The FBI has arrested a 33-year-old software engineer in Seattle as part of an investigation into a massive data breach at financial services company Capital One.
Paige A. Thompson, also known by the online handle “erratic,” has been charged with one count of computer fraud and abuse, after an investigation uncovered that a hacker had broken into cloud servers run by Capital One and stole data related to over 100 million credit-card applications.
Exposed information, according to Capital One, included data collected in credit card applications between 2005 and early 2019 such as:
- zip codes/postal codes
- phone numbers
- email addresses
- dates of birth
Beyond the credit card application data, the hacker also obtained portions of credit card customer data, including:
- Customer status data, e.g., credit scores, credit limits, balances, payment history, contact information
- Fragments of transaction data from a total of 23 days during 2016, 2017 and 2018
Capital One says that about 140,000 Social Security numbers and approximately 80,000 linked bank account numbers of its secured credit card customers were also breached.
In a statement posted on its website, Capital One blames a “configuration vulnerability” for the security breach which allowed the hacker to access the sensitive information.
Capital One determined on July 19 that an outside party had managed to access its systems without authorisation, and began working with federal law enforcement.
However, it seems that the investigation only began after a security researcher who was an acquaintance of the alleged hacker emailed the firm’s responsible disclosure program two days earlier, telling the company that sensitive data from its cloud-based Amazon Web Services’ S3 bucket was present on Github.
There appears to be some leaked s3 data of yours in someone’s github / gist
Let me know if you want help tracking them down,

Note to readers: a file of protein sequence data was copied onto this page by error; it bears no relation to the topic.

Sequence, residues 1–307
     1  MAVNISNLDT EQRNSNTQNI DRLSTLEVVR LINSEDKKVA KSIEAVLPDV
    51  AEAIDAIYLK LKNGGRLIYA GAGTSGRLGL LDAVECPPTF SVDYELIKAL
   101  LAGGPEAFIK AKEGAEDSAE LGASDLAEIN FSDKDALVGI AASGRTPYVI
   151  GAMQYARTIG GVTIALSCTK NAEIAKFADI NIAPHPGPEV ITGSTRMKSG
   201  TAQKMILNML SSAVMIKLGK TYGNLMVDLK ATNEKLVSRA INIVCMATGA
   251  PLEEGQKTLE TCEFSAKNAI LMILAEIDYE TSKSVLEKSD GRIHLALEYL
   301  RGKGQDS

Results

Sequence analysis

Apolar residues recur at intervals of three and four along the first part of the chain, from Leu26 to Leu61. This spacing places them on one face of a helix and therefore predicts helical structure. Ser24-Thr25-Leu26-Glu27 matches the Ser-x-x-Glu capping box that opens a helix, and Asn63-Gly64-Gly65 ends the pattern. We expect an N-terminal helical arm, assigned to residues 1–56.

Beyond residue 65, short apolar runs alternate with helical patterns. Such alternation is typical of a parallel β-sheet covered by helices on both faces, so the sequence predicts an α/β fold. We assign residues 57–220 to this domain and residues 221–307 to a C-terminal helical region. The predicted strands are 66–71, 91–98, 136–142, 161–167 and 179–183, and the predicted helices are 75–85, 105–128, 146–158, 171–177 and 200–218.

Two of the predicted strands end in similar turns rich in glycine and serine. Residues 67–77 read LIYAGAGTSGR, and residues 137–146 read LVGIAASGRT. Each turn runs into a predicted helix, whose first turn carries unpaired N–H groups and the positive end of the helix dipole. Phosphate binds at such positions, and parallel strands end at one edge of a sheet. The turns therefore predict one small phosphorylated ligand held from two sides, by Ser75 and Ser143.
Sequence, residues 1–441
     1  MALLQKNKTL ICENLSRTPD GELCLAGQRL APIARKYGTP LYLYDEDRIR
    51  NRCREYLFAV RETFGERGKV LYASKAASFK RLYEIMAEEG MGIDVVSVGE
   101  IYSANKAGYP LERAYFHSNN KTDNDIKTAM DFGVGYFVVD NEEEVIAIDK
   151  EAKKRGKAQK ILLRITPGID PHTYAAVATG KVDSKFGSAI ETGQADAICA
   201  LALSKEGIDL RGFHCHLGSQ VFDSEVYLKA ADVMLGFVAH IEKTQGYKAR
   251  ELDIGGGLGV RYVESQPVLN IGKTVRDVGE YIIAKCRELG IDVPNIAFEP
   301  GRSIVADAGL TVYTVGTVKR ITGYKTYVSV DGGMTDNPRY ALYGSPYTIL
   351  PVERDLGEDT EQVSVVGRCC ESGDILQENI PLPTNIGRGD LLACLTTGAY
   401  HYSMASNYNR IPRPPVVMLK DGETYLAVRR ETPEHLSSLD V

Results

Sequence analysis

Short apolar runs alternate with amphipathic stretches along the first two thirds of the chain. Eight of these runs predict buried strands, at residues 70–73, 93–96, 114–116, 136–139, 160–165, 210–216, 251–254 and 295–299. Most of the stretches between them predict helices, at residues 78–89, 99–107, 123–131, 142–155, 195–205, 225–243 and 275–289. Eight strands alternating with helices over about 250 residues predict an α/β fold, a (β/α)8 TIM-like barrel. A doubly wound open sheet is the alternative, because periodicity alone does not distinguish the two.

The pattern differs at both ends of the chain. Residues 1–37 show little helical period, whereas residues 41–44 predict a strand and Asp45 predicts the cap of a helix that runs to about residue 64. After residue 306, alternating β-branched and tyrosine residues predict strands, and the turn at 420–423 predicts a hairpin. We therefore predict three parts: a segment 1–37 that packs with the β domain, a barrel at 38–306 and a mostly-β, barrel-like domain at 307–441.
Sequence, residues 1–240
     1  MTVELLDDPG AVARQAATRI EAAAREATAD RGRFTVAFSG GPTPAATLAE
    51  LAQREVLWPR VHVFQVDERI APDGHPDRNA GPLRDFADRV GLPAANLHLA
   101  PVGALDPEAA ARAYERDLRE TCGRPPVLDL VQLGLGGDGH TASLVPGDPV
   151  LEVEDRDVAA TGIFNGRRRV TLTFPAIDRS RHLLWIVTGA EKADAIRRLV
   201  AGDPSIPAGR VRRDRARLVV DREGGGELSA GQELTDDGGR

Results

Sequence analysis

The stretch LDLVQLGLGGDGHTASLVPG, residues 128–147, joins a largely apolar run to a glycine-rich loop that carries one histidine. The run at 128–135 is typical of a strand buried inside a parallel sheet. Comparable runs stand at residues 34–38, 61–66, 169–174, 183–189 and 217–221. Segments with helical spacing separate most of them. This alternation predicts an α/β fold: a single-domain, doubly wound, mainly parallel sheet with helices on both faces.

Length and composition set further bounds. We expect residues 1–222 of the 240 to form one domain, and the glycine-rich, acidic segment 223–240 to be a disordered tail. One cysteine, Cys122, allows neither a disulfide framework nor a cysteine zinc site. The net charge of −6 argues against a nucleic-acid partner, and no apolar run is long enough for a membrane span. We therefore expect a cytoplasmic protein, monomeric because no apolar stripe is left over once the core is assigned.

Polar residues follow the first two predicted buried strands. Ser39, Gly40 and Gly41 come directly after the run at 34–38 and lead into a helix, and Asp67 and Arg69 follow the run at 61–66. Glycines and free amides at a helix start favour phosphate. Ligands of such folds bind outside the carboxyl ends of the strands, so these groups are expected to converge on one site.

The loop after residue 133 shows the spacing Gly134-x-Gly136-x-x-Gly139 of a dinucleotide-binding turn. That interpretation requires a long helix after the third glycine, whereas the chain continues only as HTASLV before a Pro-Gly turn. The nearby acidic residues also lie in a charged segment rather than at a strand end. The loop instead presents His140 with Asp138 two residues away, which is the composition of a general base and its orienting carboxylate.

The Github account storing the stolen data was in the name of “paigeadelethompson.”
Perhaps coincidentally, Paige Thompson’s online résumé (which contains her full name, address, and phone number) says that she was an Amazon S3 systems engineer from May 2015 to September 2016.
According to the FBI, a deeper investigation uncovered private Twitter direct messages between Thompson and the individual who ultimately informed Capital One of the breach, as well as conversations in a Slack group.
Armed with this and other information it didn’t take the FBI long to track down their suspect and arrest her yesterday at the house where she lives in Beacon Hill, south east Seattle. During a search of Thompson’s bedroom, the FBI seized a number of devices – which it is claimed contained files that referenced Capital One, Amazon, and her “erratic” alias.
Downloading 100 million records doesn’t sound like the kind of behaviour you would expect to see if someone was trying to raise the alarm about a configuration problem. It’s perfectly possible to demonstrate that a security issue exists without stealing that volume of data.
In a press release, Capital One’s chairman and CEO apologise to affected customers and credit card applicants:
“While I am grateful that the perpetrator has been caught, I am deeply sorry for what has happened,” said Richard D. Fairbank, Chairman and CEO. “I sincerely apologize for the understandable worry this incident must be causing those affected and I am committed to making it right.”
The company says that it does not believe that the hacked data has been used for fraud or disseminated, but that it will continue to co-operate with the authorities and investigate. Capital One says that free credit monitoring and identity protection will be made available to everyone impacted.
Editor’s Note: The opinions expressed in this guest author article are solely those of the contributor, and do not necessarily reflect those of Tripwire, Inc.